Musings on the dawn of referendum day

Eurgh. So they are digging up the road outside my flat at the moment, which means I have to walk down the way a bit in order to cross it in the morning. I have to cross it because I’m going to go to some church hall I’ve never been to before, to put another kind of cross on a small bit of paper, which I’m then going to put in a box. What a way to spend a Thursday morning (well, probably afternoon by the time I’ve got up late, gone for a swim, made myself scrambled (organic) eggs and got myself sorted). Life’s tough.

And what is it with crosses anyway? Everyone’s doing those these days. Why not make it a parallelogram or regular dodecahedron and really test people’s capacity to think before they mark that paper? Or at least something, you know, funkier, for us funky types. And while we’re at it, seriously, paper? I jolly well hope it’s recycled paper, and will be recycled again after use, because you know the environment is totes important. I bet they had to use a lot of trees to make those. And there are children dying in Africa because of it. We’ll see them on the adverts at Christmas and they’ll make us feel guilty for eating our Christmas dinner, and then we’ll turn over the channel and pretend it’s all fine.

Then tomorrow night I’ll probably have to hide inside because there will be poor and ignorant people out on the streets starting fights and burning things. Seriously. This is not the middle ages. When I can bring myself to read some sort of news publication at the moment it’s what I see pictures of, so it must be true. Then I’m probably not going to get much sleep and be really cranky the day after, and all because of democracy. What a rubbish idea.

I’m not going to pretend I know a lot about democracy, because if I did, frankly I wouldn’t be writing this blog. But as far as I get it, the part where people set fire to things and bully and intimidate other people isn’t quite how it’s supposed to work? I may well be wrong. Then again I’m middle-class, so I’m never wrong. It’s one of those things that just is, and the sooner people get over it the better, I say.


The sweet, sweet irony of UKIP’s latest poster campaign.

If I’m the first to write about this then I hope I get some kind of award for investigative journalism (jokes), because I think it’s an absolute corker. But let me tease you for a sentence or two before revealing my full hand….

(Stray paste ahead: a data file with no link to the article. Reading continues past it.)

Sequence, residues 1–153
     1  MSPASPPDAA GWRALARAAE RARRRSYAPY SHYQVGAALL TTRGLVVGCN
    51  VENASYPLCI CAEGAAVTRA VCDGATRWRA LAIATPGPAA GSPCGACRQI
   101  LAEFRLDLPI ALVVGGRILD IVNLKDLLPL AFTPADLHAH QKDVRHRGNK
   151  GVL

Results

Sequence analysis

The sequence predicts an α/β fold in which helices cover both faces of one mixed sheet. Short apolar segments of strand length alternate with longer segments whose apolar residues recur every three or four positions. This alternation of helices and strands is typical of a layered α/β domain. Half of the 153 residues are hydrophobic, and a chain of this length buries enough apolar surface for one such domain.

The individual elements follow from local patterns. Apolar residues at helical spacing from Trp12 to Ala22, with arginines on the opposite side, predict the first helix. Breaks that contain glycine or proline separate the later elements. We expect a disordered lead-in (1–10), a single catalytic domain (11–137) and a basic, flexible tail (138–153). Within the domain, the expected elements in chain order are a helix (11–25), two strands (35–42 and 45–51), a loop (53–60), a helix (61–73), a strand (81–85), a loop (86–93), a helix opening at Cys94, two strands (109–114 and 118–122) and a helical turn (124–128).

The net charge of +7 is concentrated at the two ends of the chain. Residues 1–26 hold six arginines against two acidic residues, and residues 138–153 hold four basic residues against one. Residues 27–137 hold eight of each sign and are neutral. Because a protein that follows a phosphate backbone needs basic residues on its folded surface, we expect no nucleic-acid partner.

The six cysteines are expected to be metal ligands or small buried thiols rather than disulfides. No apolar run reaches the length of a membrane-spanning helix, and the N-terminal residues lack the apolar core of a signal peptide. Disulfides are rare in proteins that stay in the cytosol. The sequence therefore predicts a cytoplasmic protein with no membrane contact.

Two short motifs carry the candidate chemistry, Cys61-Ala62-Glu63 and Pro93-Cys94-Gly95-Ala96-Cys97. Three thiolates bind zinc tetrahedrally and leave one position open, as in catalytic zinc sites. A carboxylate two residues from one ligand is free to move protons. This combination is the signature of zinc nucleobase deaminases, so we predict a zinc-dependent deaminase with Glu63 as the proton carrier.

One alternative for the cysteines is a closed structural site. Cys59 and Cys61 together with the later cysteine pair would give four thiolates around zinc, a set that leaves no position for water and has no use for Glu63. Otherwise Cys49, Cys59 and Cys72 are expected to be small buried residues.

The facts – UKIP want the UK out of the EU. One of their (undoubtedly many, if you can bear to listen to them blabber on without wanting to chop off your own ears) reasons for this is the fact that they believe immigrants are taking jobs away from native British people. I won’t go into the politics at this moment (read someone else’s blog for that), but after the semi-gaffe of their leader employing his immigrant wife as his secretary, comes the whopper. The party this week unveiled their high-profile poster campaign, one of which features an “out-of-work” tradesman begging with a plastic cup, who we are to assume is British (the tradesman, not the cup). However, the man in question is in fact none other than Irish actor Dave O’Rourke. That’s right. An immigrant.

The implications? Embarrassment for UKIP, and a giggle for the rest of us. Clearly someone didn’t do their homework (I’m not pointing any fingers at a certain German secretary, I promise) in researching the actor’s ethnicity before plastering his handsome face across their anti-EU campaign. And I’m certainly not saying a British secretary would have been any better (although who knows?!). But for a UK political party purported to champion British workers over “unlimited cheap labour” from elsewhere, surely they could have employed a British actor as their poster boy for this campaign? You know, support for British workers and all that?

Maybe I’m being too harsh. Maybe it’s all some sort of convoluted double-bluff to prove their point about the UK being overrun by immigrants. And I’m sure once this blog goes viral, and UKIP’s PR people have produced enough positioning statements to block the Channel Tunnel and prevent any more immigrants entering the country, we’ll be treated to some equally cumbersome explanation of their choice. Either way, for now, I’m grinning (and waiting for my award, thanks).